This is a post from National Symphony Orchestra bassist Jeff Weisner. Jeff also teaches bass at The Peabody Institute in Baltimore and co-authors the blog PeabodyDoubleBass. Click here for all of Jeff’s doublebassblog.org posts.
Last week, my orchestra did a big benefit concert with super-famous conductor Christoph Eschenbach, and before and after the concert, rumors and gossip were flying around. The NSO is over two years into a conductor search, and many of our recent guest conductors have been rumored to be our next music director. First everyone was talking about this guy. Then this guy was all the rage. This guy made occasional mentions, and folks even discussed this fellow a few times. Each candidate who was rumored to be our next MD had his detractors and fans. But as each one was analyzed, gossiped about, and then forgotten, I was reminded anew how incredibly difficult it is to know how a conductor will connect with a particular orchestra from looking at their past performance with other orchestras.
(For the record, the NSO conductor search, like most big orchestra conductor searches, is conducted in total secrecy, and I have absolutely no idea whether any of the conductors mentioned, including Eschenbach, are actually being considered in any serious way for the NSO Music Director job.)
Eschenbach is a great example of how mysterious the whole world of conductor chemistry is. As the MD of the Houston Symphony, he was beloved by the orchestra musicians and public. In Philadelphia, he has foundered, frustrating the orchestra musicians and failing to connect with the public in the way that he did in Houston. Why? What are the differences between two groups of excellent orchestral musicians that made his results so different?
This mystery exists not only with music directors, but with guest conductors as well. The year I was playing in the San Francisco Symphony, the conductor David Robertson appeared with the orchestra. I thought he was fantastic, as did many SFS musicians I spoke with at the time. That same season, he appeared with the NSO. Most of my colleagues there thought he was dreadful and expressed the hope that he would never appear with the orchestra again!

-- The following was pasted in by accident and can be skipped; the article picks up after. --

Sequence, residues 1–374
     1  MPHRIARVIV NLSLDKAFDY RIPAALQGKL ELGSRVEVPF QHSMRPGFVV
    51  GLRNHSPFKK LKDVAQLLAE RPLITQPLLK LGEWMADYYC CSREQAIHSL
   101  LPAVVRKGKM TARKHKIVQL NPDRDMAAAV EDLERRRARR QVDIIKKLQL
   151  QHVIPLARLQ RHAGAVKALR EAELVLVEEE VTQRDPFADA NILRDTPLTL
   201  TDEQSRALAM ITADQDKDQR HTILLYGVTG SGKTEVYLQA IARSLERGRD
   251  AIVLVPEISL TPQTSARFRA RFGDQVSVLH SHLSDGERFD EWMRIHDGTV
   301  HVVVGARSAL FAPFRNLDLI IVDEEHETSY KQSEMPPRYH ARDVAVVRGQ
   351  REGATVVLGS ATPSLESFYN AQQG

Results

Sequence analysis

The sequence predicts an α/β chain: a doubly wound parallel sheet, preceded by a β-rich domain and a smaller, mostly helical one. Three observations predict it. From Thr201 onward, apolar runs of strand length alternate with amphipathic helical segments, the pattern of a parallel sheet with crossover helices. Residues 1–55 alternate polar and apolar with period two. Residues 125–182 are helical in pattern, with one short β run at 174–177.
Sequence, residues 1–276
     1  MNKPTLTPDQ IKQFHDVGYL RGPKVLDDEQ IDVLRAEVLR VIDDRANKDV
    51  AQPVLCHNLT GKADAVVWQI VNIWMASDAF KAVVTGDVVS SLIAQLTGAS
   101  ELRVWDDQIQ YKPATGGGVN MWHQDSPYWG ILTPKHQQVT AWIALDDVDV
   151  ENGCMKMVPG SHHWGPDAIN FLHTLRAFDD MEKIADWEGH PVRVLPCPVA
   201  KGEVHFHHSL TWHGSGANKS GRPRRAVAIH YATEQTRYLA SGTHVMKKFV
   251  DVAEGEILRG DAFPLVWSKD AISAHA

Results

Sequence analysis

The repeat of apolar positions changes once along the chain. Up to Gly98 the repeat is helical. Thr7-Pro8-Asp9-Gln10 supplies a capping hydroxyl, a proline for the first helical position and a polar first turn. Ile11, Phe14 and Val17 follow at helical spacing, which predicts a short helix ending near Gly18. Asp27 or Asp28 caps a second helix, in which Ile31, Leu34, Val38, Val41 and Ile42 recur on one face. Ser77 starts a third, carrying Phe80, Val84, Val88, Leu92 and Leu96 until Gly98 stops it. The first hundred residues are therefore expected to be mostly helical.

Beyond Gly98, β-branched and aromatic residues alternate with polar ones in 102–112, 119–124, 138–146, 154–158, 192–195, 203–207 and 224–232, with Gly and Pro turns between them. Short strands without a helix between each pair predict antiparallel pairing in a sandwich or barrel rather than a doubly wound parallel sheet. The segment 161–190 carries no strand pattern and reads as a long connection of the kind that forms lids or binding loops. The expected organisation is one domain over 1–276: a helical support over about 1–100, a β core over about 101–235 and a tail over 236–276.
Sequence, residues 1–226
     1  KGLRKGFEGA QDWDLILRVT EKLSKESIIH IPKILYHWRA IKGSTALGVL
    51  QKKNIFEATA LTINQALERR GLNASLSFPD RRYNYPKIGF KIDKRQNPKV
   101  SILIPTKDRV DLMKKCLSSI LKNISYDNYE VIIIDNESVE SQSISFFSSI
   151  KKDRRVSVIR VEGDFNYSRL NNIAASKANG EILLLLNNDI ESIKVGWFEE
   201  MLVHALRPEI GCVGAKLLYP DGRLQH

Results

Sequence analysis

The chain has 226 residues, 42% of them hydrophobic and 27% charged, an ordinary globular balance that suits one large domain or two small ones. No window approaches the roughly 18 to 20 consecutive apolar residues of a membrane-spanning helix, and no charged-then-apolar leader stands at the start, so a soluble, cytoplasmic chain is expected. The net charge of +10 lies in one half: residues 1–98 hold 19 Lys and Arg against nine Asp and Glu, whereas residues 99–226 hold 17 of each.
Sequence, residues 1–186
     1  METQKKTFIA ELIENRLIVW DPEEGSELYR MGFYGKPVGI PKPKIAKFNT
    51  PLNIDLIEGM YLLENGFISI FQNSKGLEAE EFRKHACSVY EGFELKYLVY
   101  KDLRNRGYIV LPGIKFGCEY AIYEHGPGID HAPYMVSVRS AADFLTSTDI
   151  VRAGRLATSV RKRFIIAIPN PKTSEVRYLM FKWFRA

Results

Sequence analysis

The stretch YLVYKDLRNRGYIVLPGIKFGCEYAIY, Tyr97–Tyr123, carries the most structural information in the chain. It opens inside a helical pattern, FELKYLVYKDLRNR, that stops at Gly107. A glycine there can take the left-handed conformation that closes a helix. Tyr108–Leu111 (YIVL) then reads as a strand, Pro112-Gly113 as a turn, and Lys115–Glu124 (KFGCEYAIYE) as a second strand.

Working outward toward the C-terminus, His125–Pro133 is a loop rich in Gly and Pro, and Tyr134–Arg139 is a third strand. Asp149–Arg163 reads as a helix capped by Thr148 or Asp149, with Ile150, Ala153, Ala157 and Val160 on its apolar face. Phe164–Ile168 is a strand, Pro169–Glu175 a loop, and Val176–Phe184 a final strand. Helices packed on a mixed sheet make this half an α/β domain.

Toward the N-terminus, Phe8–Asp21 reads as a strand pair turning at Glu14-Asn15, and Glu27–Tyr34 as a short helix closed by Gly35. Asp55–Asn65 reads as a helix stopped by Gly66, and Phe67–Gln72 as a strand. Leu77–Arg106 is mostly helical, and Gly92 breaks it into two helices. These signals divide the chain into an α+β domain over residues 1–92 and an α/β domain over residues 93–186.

And I can assure you this is not only a phenomenon of big professional orchestras. Orchestras of every size, shape, and salary level routinely express amazement as they work with a conductor who is loved (or hated) by another ensemble, and experience the exact opposite reaction.
Why is it so difficult to predict how a conductor and orchestra will interact? Some partial explanations can come from repertoire. If a conductor is doing a piece they feel strongly about, that can have an effect on how they work with the musicians. Another element is timing. If either the conductor or the musicians are tired or frustrated from a long string of concerts, too much time on the road, or just a bad cold going around, attitudes can become negative.
But even factoring these elements in, it’s simply impossible to predict how a conductor and an orchestra will get along, personally or musically, until they actually spend some time together.
I love the fact that this is such a mysterious and unpredictable process. It brings into play so many elements of what make being a musician such a great thing. Whenever a group of people get together to play music, each is bringing their own experiences and ideas to the table. Those ideas are expressed both verbally and in how they play. In a chamber music context, these ideas are hashed out in rehearsal. The final performance, at least in theory, represents a synthesis of the ideas and concepts that the group has worked out together in collaboration.
In an orchestra, the game is a little different. Each musician can only express their concepts within the limitations of what the conductor and principals tell them to do. They are even further limited by what the conductor allows their colleagues to do – if the conductor likes the way the oboe does their solo, I have to go along with it in my own playing, no matter what I think of it. But orchestras (if they play together on a regular basis) have a group consciousness as well. I know my colleagues’ styles and approaches, and together we have a group identity – a “way we play.” When a conductor steps up to the podium, they are interacting not only with the way 100 people each individually think the piece should go, but also with the way we as a group “know” that piece. When you step back and look at this complex stew of variables, it makes sense that the conductor-orchestra relationship can be so weird and unpredictable.
I enjoy watching this relationship play out each week and seeing what it produces. Conversely, I find that the unhappiest orchestral musicians are those who refuse to accept this process. They tend to either reject the conductor’s role (“why won’t he just let us play?”), or the orchestra’s group role (“why don’t we all just follow him better?”), or they overemphasize their own ideas (“I keep trying to do the obviously indicated ritard in bar 18, but no one is following me!”). I’m not saying that I always like or agree with the way my orchestra ends up playing things! But I do love the weird process of seeing what comes out of the orchestral sausage grinder each week.